Housing prices in the Bend area increased in all four quarters of 2012, the first full year of home-price appreciation since 2006, according to federal data released Tuesday.
Single-family home prices in the Bend Metropolitan Statistical Area, which covers all of Deschutes County, rose about 3.5 percent in the fourth quarter over the fourth quarter 2011, according to the Federal Housing Finance Agency’s all-transactions housing price index.
It marked the fourth straight quarter of price appreciation in the index, which showed home prices depreciating in the Bend MSA for the 17 previous quarters. And, over five years, the index still shows home prices down 39 percent.
Overall, however, it’s positive news, said Timothy Duy, University of Oregon economics professor and senior director of the Oregon Economic Forum.
“The housing market is moving in an upward direction rather than a downward direction,” he said.
Nationwide, seasonally adjusted home prices increased 5.5 percent in the fourth quarter compared with the fourth quarter 2011, according the Federal Housing Finance Agency report, one of several released Tuesday related to housing.
The S&P/Case-Shiller index of property values increased 6.8 percent in December over December 2011. Nineteen of 20 cities in the index showed gains, according to a report from Bloomberg News. Case Shiller does not include the Bend MSA.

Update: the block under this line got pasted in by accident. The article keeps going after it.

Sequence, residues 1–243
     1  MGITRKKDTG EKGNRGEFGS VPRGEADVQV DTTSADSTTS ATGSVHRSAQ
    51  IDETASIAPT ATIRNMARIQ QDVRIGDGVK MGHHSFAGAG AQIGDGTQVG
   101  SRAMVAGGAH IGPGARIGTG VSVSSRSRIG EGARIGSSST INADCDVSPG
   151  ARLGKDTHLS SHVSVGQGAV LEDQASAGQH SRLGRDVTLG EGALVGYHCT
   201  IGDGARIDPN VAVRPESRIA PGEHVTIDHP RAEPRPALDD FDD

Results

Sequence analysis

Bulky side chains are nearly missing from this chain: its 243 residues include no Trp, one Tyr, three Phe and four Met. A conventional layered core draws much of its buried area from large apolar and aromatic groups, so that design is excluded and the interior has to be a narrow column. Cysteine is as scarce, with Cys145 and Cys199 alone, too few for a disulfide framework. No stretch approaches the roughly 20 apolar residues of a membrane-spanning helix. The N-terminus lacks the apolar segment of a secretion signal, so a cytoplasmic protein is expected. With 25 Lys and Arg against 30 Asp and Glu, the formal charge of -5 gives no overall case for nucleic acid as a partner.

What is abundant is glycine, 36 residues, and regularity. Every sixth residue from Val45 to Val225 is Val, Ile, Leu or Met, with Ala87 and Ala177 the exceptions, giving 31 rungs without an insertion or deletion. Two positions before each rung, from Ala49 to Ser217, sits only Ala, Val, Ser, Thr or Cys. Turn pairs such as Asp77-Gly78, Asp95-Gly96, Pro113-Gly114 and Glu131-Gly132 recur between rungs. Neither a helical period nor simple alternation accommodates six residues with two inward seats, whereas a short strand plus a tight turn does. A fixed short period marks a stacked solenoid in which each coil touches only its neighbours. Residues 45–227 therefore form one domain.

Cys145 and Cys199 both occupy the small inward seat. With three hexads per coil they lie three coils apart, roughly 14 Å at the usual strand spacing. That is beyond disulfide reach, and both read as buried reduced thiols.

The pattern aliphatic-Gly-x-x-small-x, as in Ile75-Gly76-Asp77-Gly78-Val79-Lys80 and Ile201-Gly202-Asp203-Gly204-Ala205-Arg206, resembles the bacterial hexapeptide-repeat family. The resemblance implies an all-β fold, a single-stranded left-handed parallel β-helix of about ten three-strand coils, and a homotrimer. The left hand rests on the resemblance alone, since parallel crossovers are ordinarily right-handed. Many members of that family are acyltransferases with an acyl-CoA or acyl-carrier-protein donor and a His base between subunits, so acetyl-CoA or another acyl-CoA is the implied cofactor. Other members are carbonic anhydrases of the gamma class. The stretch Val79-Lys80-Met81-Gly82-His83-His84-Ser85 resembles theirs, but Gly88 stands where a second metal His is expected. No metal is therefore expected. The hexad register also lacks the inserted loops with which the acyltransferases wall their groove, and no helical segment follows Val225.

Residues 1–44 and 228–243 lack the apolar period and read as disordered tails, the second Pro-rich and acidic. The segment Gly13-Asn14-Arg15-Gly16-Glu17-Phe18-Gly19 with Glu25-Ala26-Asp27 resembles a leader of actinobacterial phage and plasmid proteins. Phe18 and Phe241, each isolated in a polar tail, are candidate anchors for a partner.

And home sales nationwide increased nearly 16 percent last month over December, the Census Bureau reported.
The Federal Housing Finance Agency’s all-transactions index tracks average house-price changes in repeat sales or refinancings on the same single-family homes, with data from Fannie Mae and Freddie Mac.
The last time the Bend area saw four quarters of house-price appreciation was in 2006, when real estate prices were soaring, according to the federal index.
In the first and second quarters of 2006, home values in the Bend MSA rose 35 percent and 37 percent, respectively, over the same quarters in 2005.
Prices fell into negative territory in the fourth quarter of 2007 and remained there through the fourth quarter of 2011, the index shows.
The timeline suggests single-family home prices in the Bend MSA hit bottom around late 2010 or early 2011, said Duy, who also created the Central Oregon Business Index. They reached the level where investors could buy a house, rent it out and turn a profit, he said.
“Prices got really, really cheap,” he said. “It became a better opportunity for investors.”
Fewer distressed sales — those involving foreclosed homes or short sales — also contributed, Duy said. Last year, 35 percent of home sales in Bend were distressed, according to figures from the Central Oregon Association of Realtors. Between 2009 and 2011 distressed sales made up about 55 percent of home sales, on average.
So, while home prices increased in 2012, they rose from the depths. In November 2011, the median price for a single-family home in Bend dropped to $166,000, the lowest price in six years, according to the December 2011 report from the Bratton Appraisal Group.
The housing market could still hit some bumps as it recovers. More distressed homes could come up for sale once Oregon lawmakers and major lenders work out issues that have redirected foreclosures into state courts, rather than going through a nonjudicial process.
An increase in foreclosed homes could depress prices somewhat, but Duy said the housing market’s upward movement has given it resilience.
“It’s part and parcel of the story, where the economy is gaining strength,” he said.